25 Sep 2015

Here’s a handy little ClojureScript macro that helps you time how long code blocks take. It’s exactly like (clojure.core/time), in that it takes a code block and tells you how long it took to execute, but specially for ClojureScript it piggy-backs on the JavaScript console API, for pretty output in the inspector pane. You’d use it like this:

(console-time "Rendering Big Thing"
              (render-to-dom lots-of-data))

And the browser’s inspector console will print out Rendering Big Thing: 10070.868ms when it’s done.

How does it work? Well, it’s really just wrapping a code block in two console API calls, .time(<label>) and .timeEnd(<label>). We could almost say:

(defmacro console-time
  [label & body]
  `(do
     (.time js/console ~label)
     ~@body
     (.timeEnd js/console ~label)))

…splicing the body between those calls. But that would have a flaw: instead of returning the body’s result value, we’re returning the result of console.timeEnd, which is always nil.

So we take a second pass:

(defmacro console-time
  [label & body]
  `(do
     (.time js/console ~label)
     ~@body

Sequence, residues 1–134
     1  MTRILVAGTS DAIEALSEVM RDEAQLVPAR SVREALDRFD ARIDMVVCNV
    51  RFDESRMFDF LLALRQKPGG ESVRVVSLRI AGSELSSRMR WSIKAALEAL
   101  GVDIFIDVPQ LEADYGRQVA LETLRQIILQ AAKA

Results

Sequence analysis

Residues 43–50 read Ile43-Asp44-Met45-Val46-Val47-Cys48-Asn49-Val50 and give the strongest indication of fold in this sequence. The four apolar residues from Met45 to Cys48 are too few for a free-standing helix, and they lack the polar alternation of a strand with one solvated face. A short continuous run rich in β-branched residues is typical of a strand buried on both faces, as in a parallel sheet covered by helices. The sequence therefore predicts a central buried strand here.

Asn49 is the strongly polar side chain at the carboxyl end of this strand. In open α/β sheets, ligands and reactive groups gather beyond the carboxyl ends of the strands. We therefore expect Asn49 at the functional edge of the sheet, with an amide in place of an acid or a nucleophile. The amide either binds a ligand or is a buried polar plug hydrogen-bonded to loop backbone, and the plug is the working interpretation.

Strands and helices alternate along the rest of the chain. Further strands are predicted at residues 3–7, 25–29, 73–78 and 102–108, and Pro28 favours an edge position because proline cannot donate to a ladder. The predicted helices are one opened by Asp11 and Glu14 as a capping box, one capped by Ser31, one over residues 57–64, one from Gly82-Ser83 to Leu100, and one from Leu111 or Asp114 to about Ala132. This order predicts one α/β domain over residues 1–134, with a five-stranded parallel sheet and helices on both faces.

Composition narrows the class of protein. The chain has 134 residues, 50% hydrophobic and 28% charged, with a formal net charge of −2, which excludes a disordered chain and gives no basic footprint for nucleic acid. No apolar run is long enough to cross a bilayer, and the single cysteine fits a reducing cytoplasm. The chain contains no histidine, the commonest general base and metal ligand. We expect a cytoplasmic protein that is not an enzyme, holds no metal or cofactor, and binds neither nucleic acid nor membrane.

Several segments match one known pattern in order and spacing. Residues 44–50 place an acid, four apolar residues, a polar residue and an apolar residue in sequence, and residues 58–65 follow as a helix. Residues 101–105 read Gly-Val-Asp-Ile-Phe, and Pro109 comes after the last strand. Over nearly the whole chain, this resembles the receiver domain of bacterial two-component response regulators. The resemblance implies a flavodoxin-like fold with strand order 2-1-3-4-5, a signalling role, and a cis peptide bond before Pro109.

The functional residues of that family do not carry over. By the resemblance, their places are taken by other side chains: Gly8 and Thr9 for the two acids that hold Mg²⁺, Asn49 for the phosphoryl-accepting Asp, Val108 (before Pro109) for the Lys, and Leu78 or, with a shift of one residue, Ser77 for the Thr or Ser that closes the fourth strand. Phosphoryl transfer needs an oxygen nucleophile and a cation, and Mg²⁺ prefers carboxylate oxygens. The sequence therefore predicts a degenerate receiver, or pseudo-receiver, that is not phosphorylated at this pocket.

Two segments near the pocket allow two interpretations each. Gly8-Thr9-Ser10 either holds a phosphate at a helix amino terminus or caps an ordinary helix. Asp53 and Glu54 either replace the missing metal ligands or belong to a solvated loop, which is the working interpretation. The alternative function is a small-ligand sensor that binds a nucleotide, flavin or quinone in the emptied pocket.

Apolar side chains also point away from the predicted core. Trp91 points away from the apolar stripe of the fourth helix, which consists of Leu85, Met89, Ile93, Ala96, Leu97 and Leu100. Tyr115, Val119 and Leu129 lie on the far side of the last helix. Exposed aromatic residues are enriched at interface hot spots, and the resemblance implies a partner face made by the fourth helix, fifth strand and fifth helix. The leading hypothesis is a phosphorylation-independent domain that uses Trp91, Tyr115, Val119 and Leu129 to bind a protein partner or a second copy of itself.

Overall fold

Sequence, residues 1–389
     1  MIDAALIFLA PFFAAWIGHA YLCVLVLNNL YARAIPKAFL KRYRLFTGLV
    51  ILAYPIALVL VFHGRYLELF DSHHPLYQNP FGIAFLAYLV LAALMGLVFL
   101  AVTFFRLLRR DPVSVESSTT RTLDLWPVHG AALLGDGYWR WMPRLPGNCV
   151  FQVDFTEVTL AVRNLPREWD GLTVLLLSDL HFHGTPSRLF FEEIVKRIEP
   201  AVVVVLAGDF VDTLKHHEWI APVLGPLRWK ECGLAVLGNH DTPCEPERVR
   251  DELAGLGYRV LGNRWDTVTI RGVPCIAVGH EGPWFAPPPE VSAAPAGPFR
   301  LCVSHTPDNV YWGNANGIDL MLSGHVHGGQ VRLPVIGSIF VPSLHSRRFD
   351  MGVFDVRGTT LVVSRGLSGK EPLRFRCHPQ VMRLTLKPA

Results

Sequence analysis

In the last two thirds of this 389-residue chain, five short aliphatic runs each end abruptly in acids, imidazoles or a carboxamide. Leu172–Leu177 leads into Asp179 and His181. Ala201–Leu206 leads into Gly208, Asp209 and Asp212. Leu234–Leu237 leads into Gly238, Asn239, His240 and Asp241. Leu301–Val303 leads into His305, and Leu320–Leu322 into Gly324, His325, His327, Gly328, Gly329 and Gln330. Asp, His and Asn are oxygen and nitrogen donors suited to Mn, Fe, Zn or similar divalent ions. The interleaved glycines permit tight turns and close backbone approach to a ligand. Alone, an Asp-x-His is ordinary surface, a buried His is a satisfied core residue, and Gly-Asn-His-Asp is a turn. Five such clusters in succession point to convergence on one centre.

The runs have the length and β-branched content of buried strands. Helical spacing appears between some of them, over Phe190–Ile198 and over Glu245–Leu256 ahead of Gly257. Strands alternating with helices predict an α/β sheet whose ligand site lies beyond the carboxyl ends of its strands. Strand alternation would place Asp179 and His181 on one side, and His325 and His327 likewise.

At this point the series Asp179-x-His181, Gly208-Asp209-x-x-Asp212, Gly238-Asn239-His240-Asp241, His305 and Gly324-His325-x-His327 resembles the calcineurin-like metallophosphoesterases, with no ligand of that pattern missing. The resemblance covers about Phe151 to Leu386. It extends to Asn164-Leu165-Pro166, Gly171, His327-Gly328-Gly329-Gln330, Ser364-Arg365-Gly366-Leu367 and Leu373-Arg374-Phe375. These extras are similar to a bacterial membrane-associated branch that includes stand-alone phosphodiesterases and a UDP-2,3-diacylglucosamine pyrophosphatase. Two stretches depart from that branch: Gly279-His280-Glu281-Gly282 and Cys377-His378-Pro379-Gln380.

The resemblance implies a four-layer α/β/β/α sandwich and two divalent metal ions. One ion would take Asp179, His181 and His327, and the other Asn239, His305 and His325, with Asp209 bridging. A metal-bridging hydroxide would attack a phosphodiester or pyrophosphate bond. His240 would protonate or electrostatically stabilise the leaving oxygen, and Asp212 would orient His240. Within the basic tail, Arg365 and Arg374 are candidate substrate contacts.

(.timeEnd js/console ~label)
     ~@body))

It’s pretty obvious that’s wrong too - right return value, but it’s executing the body twice. That’s bad for performance, and outright broken if body contains side-effects1.

There’s nothing for it - we’re going to have to run the block once, capture its return value, and return that captured result later.

To capture it, we’ll have to create a temporary local var, with a guaranteed-unique name. We can do that by appending a hash symbol, as result#.

With that, the final code should make sense:

(defmacro console-time
  [label & body]
  `(do
     (.time js/console ~label)
     (let [result# (do ~@body)]
       (.timeEnd js/console ~label)
       result#)))

Remember if you’re using this forreals, all ClojureScript macros must go in a Clojure file, and be imported with (refer-macros ...).

Footnotes

  1. Don’t worry, I know you would never write code with side-effects. We’re worrying about them

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